Updated on February 6, 2024
5 min read

What You Should Know Before Taking the M365 Pill


  • M365 is a prescription opioid analgesic medication containing acetaminophen and hydrocodone
  • M365 is used to relieve moderately severe pain temporarily
  • It's considered a highly addictive Schedule II controlled substance
  • Although it's an effective painkiller, it can trigger various side effects ranging from mild to severe
  • The risk of side effects is greater for long-term users and/or those who mix M365 with other drugs
  • Treatment is available fore people addicted to M365

What is the M365 Pill?

The M365 pill combines two common pain medications: acetaminophen (325 mg) and hydrocodone (5 mg). It’s a generic version of Norco, a brand-name prescription opioid painkiller prescribed for pain relief. 

Healthcare providers may prescribe M365 for: 

  • Moderate to severe pain
  • Pain after injury
  • Pain after surgery 

The FDA classifies M365 as a Schedule II controlled substance. Schedule II drugs have a high risk of abuse of this drug and only limited medical applications.

Used as directed, the M365 opioid medication is considered safe and effective. 

However, M365 is highly addictive. It eases pain and produces a feeling of euphoria when taken in large doses. Long-term users or those who abuse the drug are at risk of developing tolerance. This means over time, they’ll need larger doses to achieve the same effects. 

The drug also produces uncomfortable symptoms once someone has developed an addiction.


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M365 Pill Side Effects

M365 users are at risk of experiencing several side effects including:

  • Anxiety
  • Allergic reactions
  • Blurred vision
  • Constipation
  • Dizziness
  • Drowsiness
  • Dry mouth
  • Headache
  • Lightheadedness
  • Mood changes
  • Nausea
  • Problems with urination
  • Tinnitus (ringing in the ears)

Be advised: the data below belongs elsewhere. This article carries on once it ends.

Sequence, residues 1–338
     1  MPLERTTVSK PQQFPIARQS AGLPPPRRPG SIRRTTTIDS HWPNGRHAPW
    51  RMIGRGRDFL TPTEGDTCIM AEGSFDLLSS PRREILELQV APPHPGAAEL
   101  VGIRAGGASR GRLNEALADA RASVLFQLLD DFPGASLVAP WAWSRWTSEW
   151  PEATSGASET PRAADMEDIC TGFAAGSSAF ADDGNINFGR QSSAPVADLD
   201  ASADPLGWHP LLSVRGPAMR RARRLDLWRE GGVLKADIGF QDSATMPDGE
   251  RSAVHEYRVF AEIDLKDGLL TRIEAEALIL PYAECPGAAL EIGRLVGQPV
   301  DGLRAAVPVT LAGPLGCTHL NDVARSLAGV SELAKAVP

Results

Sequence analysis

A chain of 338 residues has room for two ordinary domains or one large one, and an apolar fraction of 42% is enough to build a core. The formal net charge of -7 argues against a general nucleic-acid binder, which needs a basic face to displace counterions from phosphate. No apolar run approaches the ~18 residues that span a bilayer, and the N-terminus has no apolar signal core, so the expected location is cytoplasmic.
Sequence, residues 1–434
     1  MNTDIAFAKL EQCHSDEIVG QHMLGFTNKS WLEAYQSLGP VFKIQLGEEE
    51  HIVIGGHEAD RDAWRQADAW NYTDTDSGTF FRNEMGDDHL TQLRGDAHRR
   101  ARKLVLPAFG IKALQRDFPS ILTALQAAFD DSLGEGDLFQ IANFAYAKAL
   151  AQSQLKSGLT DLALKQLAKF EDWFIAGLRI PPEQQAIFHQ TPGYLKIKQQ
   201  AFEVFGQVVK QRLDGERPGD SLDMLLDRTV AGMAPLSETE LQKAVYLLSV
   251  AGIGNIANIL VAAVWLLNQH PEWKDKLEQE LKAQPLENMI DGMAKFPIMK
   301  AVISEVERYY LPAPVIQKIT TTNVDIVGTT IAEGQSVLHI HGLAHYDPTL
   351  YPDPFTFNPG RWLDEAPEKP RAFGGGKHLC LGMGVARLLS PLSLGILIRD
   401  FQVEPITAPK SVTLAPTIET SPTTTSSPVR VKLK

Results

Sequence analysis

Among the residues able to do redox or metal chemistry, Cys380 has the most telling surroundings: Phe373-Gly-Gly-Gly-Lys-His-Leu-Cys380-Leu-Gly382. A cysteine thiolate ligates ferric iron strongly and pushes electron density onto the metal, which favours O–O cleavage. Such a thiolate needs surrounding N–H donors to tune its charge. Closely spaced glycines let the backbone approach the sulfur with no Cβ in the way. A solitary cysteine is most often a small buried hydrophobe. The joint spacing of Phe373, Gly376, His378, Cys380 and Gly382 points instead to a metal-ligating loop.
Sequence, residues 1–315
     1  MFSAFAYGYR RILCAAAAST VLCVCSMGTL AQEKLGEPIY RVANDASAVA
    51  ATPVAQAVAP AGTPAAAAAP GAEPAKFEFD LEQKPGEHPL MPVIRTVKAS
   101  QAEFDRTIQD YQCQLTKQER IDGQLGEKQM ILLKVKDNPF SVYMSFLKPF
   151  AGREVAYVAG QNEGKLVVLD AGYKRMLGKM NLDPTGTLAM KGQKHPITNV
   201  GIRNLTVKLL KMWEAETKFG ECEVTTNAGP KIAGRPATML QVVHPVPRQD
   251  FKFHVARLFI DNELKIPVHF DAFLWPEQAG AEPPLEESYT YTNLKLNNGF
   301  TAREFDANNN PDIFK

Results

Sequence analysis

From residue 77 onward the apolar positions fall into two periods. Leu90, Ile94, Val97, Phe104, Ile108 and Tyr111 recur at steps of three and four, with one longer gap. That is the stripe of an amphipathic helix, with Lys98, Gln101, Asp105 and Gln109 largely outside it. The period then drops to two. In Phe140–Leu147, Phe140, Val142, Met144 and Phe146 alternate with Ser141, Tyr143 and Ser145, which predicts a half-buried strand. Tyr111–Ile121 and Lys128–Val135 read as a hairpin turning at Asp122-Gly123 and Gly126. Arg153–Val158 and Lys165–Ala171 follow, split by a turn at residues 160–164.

• Stomach upset
  • Vomiting

Some of these side effects, especially dizziness and lightheadedness, are possible even when M365 is used as directed. The risk of these side effects is much greater when someone abuses the drug. 

There is also a risk of drug interactions when using M365 with other substances. 

More Severe Side Effects

The risk of side effects for M365 users increases when they misuse the drug.

Misuse of a drug includes:

  • Taking a dose of a drug too soon or too late after the last dose
  • Increasing the dose without a recommendation from a doctor or other healthcare provider
  • Using the drug recreationally/without a medical reason
  • Using the drug without a prescription

For example, taking a higher than recommended dosage of M365 produces a drug “high” that includes:

  • Euphoric feelings
  • Relaxation
  • Contentment
  • Ease of socializing

The high from M365 is one of the primary reasons for the abuse of the drug.

Additionally, long-term use of M365 puts users at risk of:

  • Agitation
  • Social withdrawal
  • Irritability
  • Lack of motivation
  • Fatigue
  • Exhaustion
  • Mood swings
  • Nausea and vomiting

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Risks of Using M365

There are several risks associated with using M365. 

One of the greatest concerns is the risk of developing an addiction. M365 is intended for temporary pain relief. Both tolerance and dependence are concerns for those using M365, especially long-term.

Other risks include:

  • Liver damage
  • Loss of self-control
  • Psychosis
  • Mood swings
  • Opioid overdose